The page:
Iranian Foreign Minister Mohammad Javad Zarif says any deal between Iran and the P5+1 on the Islamic Republic’s nuclear energy program is much better than no agreement at all.
“I still believe that’s (a final deal) a possibility. The only problem is how this could be presented to some domestic constituencies — primarily in the United States, but even in places in Europe — that could please them, or some may say could appease them because some of them are not interested in any deal,” Zarif said in an interview with National Public Radio (NPR) on Wednesday.
The Iranian foreign minister added that “no amount of assurance” would satisfy those opposed to any agreement, because, “they’re not interested in a deal, period. And they’ll try to use excuses to kill a deal.”
“But I think if you compare any deal with a no deal, it’s clear that a deal is much preferable,” the Iranian foreign minister added.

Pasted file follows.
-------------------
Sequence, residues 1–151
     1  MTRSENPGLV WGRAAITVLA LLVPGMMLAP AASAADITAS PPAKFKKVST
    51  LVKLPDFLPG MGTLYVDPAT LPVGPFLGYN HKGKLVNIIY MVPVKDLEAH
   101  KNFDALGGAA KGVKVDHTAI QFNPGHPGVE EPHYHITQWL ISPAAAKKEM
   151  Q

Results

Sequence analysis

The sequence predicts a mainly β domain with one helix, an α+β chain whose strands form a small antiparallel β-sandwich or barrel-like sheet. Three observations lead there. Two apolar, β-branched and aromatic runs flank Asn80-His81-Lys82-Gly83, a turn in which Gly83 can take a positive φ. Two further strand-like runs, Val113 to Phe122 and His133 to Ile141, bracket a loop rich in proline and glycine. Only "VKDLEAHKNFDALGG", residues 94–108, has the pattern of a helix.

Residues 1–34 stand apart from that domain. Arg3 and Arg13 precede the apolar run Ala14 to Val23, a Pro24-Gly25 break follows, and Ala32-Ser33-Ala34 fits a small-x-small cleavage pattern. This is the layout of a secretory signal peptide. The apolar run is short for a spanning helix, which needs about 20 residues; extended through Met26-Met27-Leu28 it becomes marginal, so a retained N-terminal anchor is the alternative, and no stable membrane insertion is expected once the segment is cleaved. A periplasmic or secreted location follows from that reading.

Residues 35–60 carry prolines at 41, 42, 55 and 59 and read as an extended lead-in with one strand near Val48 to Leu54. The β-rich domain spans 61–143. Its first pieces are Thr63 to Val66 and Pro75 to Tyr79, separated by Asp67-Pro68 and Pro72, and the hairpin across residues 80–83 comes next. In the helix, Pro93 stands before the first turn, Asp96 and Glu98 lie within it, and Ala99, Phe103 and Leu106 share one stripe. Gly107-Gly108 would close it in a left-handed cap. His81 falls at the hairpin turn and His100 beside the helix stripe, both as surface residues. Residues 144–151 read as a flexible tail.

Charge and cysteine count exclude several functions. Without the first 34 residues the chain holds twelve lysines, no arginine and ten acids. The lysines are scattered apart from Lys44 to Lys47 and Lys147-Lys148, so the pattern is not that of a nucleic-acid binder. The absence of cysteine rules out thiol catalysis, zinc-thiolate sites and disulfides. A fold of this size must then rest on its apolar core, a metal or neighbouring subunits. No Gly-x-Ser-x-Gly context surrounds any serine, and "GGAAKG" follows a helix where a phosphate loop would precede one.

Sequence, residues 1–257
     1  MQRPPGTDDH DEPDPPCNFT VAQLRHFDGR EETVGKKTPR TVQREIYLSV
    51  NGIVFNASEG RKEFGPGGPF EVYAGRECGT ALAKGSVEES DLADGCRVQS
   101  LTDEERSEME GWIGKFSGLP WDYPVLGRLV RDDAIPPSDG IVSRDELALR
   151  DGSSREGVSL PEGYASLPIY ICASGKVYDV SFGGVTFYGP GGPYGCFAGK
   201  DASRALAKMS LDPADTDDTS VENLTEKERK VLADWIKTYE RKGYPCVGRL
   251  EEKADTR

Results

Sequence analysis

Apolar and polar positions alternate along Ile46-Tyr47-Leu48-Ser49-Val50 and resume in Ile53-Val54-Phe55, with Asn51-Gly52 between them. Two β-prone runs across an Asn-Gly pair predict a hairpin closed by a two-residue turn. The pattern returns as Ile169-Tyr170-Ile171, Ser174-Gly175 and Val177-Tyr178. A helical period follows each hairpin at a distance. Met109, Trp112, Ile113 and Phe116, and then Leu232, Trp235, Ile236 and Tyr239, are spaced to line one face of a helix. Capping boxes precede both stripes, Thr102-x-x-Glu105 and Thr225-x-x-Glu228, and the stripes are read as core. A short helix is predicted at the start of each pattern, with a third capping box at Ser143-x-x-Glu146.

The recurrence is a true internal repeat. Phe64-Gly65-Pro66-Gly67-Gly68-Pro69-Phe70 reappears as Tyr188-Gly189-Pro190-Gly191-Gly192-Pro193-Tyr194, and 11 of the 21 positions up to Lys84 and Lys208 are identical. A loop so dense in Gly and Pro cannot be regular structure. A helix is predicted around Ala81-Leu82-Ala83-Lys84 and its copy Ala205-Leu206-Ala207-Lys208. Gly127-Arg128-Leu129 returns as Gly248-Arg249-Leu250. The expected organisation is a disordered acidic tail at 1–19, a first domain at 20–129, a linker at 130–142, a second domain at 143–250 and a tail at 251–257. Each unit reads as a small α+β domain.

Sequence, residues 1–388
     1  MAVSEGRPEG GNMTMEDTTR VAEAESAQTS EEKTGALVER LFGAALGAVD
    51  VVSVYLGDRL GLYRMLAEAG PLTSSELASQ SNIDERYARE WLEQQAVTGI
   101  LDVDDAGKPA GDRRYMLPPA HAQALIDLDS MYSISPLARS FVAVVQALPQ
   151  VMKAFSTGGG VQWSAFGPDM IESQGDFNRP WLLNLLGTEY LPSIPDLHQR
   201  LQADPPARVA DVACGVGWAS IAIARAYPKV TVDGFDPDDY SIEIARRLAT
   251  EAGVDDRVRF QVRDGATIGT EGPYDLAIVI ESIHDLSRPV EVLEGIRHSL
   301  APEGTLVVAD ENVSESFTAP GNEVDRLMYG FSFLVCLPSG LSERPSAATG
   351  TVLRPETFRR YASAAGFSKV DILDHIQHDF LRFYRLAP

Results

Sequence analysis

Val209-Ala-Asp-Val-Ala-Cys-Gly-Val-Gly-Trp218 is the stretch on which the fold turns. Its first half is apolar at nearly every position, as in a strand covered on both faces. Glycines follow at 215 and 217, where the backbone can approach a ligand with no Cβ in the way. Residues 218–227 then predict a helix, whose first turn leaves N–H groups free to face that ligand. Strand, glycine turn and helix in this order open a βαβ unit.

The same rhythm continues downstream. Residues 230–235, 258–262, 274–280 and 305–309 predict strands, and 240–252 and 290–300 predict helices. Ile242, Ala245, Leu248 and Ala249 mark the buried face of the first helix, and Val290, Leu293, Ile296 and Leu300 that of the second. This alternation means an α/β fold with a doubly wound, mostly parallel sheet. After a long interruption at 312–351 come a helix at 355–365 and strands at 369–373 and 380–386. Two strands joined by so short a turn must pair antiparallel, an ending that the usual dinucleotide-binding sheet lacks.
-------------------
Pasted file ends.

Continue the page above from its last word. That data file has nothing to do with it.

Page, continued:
Speaking at the annual conference of pro-Israeli lobby group AIPAC in Washington D.C. early in March, US Secretary of State John Kerry said the US would not accept a “bad deal” over Iran’s nuclear energy program.
“Our diplomacy is guided by a simple bottom line: No deal is better than a bad deal, and we absolutely will not accept a bad deal,” Kerry added.
Elsewhere, the Iranian diplomat said that the illegal sanctions imposed against Iran have been ineffective and Iran has gained a lot from the sanctions.
“If the United States believes that sanctions have been so effective, then it should answer the question…Have they achieved any of the policy goals that they intended to achieve?”
Zarif further said the goal of the sanctions “was to push Iran into abandoning its nuclear program….[However,] If at the time of the imposition of sanctions, we had less than a couple of hundred centrifuges, now we have about 20,000. So that’s the net outcome.”
Last November, Iran and the five permanent members of the UN Security Council – the United States, Russia, China, France and Britain – plus Germany signed an interim deal in Geneva, which took effect on January 20 and expired six months later. In July, Iran and the six countries agreed to extend negotiations until November 24 this year after they failed to reach common ground on a number of key issues.